Casualties of Cool was the next Devy project, a standalone album full of country, blues and, unfortunately, ambience. It is different to any previous Devy release, originally released on the, now defunct, Pledge platform. Another album with an underlying concept, Devy has been quoted as saying how much he loves it and how satisfying it is. Alas, I believe it is dull and I personally don’t have the imagination to derive anything from it. This probably says more about me than it does the quality of the album, as I know of many Devy fans who love it. 5/10

In 2009, Devy announce the follow-up to Ziltoid the Omniscient, and it sent quite a few of us into a minor frenzy. Could he pull it off, would it be as quirky and fun?  It would take another 5 years before it would surface, being released they say before my Birthday. I obviously received it as a birthday present, although I had heard it previously for a website I was writing for at the time. Z2 is a double album, with the first album called Sky Blue and the 2nd album being the actual follow-up to ZIltoid, Dark Matters. Again, Devy hits the biggest of Home Runs. Sky Blue is a very enjoyable romp, but it is Dark Matters that impressed me the most. It actually helps to improve your enjoyment of the previous Ziltoid album. It helped to introduce a range of Merchandise, including Ziltoid puppets and Poozers.  Dark Matters on its own is a perfect 10, however Sky Blue just lowers the score for Z2. 9/10

Ziltoid the Omniscient in puppet form

Transcendence was the first album that was not solely produced by Devy and, in truth, does not really comply with the Devin Townsend Project ethos by featuring different musicians for each album. This is no bad thing, as the band members all had input into the album. Almost unheard of in Devy’s output.  The result is a fairly enjoyable, but not outstanding, prog-style album. It has reworkings of a few earlier Devy tracks, including ‘Truth’ from Infinity – a song I didn’t think needed reworking as well as ‘Victim’ from Physicist – a song that benefits from reworking. I find this album slightly disappointing. 7/10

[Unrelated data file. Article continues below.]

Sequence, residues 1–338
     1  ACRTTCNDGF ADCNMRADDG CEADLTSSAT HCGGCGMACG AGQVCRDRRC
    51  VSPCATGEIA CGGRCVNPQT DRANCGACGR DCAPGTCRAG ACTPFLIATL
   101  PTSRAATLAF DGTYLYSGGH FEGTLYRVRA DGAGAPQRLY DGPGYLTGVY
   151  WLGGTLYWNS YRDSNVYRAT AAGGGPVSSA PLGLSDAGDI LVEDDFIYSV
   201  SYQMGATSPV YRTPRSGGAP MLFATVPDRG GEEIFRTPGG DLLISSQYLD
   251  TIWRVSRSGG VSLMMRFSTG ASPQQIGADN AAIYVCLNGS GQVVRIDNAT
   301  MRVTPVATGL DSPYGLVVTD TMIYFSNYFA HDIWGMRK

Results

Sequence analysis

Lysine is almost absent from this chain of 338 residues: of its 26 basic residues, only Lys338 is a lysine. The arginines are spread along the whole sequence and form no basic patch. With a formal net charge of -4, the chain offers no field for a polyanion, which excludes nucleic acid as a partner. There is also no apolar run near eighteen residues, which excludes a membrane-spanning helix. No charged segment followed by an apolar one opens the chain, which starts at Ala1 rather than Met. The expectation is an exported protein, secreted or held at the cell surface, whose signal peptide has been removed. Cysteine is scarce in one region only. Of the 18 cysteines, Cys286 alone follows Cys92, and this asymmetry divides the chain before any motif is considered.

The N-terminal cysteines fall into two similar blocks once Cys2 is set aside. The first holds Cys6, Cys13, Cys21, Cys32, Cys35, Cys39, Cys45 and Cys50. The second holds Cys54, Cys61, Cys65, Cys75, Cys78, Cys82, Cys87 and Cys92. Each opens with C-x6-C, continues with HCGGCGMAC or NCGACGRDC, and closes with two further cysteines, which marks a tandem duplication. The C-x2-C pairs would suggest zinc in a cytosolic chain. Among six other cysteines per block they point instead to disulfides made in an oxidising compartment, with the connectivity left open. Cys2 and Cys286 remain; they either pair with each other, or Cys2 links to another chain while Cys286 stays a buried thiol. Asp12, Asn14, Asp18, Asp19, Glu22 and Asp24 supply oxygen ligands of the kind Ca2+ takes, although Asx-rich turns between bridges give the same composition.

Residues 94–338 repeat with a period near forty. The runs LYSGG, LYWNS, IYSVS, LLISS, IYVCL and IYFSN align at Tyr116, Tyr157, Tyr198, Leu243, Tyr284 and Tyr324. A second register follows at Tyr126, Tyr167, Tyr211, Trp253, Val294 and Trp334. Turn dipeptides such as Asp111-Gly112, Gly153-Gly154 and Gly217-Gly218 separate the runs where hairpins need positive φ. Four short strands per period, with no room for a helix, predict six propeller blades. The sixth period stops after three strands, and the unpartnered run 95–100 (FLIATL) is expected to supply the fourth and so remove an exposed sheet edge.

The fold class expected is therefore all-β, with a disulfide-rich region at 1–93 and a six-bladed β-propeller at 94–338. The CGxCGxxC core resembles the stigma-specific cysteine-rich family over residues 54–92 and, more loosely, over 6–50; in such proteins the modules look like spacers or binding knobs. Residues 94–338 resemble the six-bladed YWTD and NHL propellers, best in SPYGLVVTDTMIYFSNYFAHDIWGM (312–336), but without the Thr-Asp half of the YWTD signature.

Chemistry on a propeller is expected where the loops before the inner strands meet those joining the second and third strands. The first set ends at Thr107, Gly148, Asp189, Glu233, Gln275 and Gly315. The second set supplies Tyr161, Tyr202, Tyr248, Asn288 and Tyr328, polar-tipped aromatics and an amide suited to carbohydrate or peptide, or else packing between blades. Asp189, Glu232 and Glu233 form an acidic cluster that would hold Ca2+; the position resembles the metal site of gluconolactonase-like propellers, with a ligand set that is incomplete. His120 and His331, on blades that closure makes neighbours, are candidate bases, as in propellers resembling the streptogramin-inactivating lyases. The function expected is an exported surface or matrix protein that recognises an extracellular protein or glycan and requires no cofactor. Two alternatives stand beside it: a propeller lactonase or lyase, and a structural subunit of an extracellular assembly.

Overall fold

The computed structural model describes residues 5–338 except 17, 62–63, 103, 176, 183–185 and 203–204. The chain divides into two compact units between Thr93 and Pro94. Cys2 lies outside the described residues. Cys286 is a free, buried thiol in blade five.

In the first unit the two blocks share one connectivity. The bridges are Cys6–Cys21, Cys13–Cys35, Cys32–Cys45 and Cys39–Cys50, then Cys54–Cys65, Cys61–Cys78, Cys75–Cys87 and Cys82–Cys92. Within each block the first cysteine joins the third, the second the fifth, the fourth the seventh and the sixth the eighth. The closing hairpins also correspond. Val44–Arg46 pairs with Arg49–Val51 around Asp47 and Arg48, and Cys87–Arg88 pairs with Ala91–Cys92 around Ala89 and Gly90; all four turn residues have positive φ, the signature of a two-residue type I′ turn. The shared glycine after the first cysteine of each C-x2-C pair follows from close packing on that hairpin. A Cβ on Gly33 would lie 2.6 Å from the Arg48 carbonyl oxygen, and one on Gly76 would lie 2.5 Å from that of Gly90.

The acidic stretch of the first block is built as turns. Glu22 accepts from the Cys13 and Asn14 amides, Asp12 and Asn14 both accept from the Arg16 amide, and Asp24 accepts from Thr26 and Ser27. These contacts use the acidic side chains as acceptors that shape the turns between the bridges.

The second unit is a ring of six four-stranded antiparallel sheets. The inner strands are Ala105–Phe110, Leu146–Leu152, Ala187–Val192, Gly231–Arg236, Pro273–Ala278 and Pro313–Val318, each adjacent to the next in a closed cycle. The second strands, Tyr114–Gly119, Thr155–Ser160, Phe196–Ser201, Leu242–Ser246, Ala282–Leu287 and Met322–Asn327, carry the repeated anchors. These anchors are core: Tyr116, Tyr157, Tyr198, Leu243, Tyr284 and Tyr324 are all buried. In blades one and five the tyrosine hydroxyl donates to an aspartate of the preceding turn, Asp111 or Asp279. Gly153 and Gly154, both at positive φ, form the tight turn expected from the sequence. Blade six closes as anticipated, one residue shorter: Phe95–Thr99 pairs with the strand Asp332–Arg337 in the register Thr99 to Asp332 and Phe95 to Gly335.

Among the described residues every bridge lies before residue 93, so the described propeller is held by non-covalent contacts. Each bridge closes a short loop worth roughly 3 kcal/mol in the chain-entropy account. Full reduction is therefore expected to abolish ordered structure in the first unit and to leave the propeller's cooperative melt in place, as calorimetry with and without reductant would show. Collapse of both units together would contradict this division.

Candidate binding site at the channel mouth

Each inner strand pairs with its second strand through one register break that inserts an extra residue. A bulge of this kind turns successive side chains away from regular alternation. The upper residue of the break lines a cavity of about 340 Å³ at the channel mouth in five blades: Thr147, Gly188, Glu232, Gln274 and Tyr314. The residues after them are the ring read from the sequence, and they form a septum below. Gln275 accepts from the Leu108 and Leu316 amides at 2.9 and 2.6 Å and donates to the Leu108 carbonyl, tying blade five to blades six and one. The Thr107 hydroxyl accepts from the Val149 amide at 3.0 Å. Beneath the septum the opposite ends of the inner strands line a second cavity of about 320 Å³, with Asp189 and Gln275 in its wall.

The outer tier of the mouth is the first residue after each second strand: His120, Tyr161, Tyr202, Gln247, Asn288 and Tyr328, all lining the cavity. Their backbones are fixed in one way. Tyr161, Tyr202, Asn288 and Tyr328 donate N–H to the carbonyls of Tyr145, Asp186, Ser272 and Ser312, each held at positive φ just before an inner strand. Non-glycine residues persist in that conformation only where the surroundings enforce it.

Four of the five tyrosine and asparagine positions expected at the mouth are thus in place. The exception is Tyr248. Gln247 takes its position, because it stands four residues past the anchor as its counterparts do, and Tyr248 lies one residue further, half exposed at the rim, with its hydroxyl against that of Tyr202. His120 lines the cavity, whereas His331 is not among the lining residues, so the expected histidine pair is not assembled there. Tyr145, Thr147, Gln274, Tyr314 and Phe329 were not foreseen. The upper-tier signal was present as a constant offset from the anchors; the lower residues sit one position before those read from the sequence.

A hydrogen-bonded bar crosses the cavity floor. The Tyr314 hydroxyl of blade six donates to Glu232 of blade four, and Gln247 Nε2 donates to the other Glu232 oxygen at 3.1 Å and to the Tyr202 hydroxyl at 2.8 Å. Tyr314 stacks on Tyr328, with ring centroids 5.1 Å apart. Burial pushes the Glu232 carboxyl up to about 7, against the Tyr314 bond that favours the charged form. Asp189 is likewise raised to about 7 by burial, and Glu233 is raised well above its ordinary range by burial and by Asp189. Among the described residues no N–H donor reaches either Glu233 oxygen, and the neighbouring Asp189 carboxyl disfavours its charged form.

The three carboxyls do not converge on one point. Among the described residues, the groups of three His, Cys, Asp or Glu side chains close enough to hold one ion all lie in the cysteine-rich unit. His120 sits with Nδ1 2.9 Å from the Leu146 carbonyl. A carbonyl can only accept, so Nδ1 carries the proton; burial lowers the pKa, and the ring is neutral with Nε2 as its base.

For the final album in this retrospective, Devy put the DTP on hold and released the solo album, Empath. Again, a full-on progressive rock/metal album, Devy throughs caution to the wind, looking to release his one true vision on the masses. This is an album that does not immediately hit home. It is the definition of a slow-burner and then, when it clicks, it is an album of such beauty that you wonder why it took so long to hit home.  It is Devy at his eclectic finest. 9/10

  • The DevilsHorns must listen – City
  • Find out more – Check out the Making of Empath videos on YouTube
  • Off the beaten track – why not check out Ziltoid TV, again found on YouTube

Published by thedevilshorns

I have been listening to metal since 1985, begging my friend to give me a copy of Iron Maiden's epic live album, 'Live After Death'. He refused, so I had another friend give me a copy instead (the copy had a jump in 'Flight of Icarus', funny the things you remember). I currently write reviews for www.metalepidemic.com, and it is a hobby that I love. The joy of hearing new bands that I may not have discovered cannot be easily quantified. But where does that leave time for artists that have been with me for over 35 years? That is the reason for this blog. My name is Paul, and I am The Devils Horns!